Preventing Surgical Mistakes

4:19 PM, Aug 11, 2011   |    comments
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PRINCE GEORGE'S Md. (WUSA) -- Surgical mistakes can occur, so for those who work in the OR need to take many steps to ensure everything that goes into a patient's body-- from scalpels to sponges-- comes back out. One Maryland hospital is employing additional new technology to make sure nothing is missed. 

Louis Corpin, R.N. associate vice president of surgical services says, "Sponges are saturated with blood, it looks exactly like tissue." 

This means that a surgical sponge could be unaccounted for, and possibly left inside the patient after surgery.

"We don't normally have a whole lot, but one is too much. So if we have one every 5 years, or one every 4 years, that's too much. There should never be an item left behind in a patient's body," says Dr. Corpin.

Prince George's Hospital Center has added an extra safety measure by adding the RF Surgical Detection System to all their ORs. This is a small pill size radio frequency tag that is placed in all sponges. After surgery doctors wave a wand over the patient and an alarm sounds if it detects a sponge that's been left behind.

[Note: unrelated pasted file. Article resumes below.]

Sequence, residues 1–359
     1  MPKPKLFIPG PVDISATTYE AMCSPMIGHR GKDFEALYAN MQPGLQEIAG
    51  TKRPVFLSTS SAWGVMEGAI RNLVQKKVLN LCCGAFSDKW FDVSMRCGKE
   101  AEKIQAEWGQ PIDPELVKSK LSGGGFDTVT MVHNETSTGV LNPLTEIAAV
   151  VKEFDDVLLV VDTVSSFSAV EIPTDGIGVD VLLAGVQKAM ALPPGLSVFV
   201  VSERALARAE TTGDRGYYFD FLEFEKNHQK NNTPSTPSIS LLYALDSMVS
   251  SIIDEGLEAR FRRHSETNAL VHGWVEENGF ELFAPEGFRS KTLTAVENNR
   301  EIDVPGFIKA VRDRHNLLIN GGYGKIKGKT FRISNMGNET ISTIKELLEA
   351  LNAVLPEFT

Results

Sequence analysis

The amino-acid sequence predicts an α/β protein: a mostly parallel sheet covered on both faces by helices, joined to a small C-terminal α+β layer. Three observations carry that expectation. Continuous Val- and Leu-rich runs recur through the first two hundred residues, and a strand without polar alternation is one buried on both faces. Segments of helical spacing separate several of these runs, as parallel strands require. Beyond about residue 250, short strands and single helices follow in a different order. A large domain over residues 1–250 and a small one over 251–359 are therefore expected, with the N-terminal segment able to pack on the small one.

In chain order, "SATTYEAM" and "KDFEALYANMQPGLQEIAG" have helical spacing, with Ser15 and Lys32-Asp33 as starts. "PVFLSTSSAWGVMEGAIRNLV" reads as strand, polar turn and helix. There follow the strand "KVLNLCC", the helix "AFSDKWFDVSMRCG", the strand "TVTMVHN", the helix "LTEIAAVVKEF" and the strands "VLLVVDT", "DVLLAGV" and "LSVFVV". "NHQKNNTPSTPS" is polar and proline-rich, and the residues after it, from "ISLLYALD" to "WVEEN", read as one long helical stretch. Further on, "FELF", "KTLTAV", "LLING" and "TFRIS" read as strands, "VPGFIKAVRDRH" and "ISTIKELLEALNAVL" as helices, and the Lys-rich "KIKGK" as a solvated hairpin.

"So once we have completed our second or last count and we're missing one or two, sometimes the missing item might not be in the body, it might be in the trash so this new technology, you know by scanning the trash, we can determine if the sponge is in the trash or if it is in the patient's body," says Corpin. 

This offers the patient extra peace of mind above the standard-of-care, which involves counting all surgical items individually before and after the procedure.

Hospital officials say the RF detection system also helps lower overall costs.

The sponges are just the first phase of this technology the company RF Surgical systems is working on embedding the technology into surgical instruments.

"In the end you know it is a good thing for the patient, they don't have to worry about coming back, and this is very costly for the hospital because you get into the legal aspect of this."

"This will save a whole lot of money for the patient and if the whole nation adopts this, then that will be a considerable savings to the entire health care system," says Corpin 

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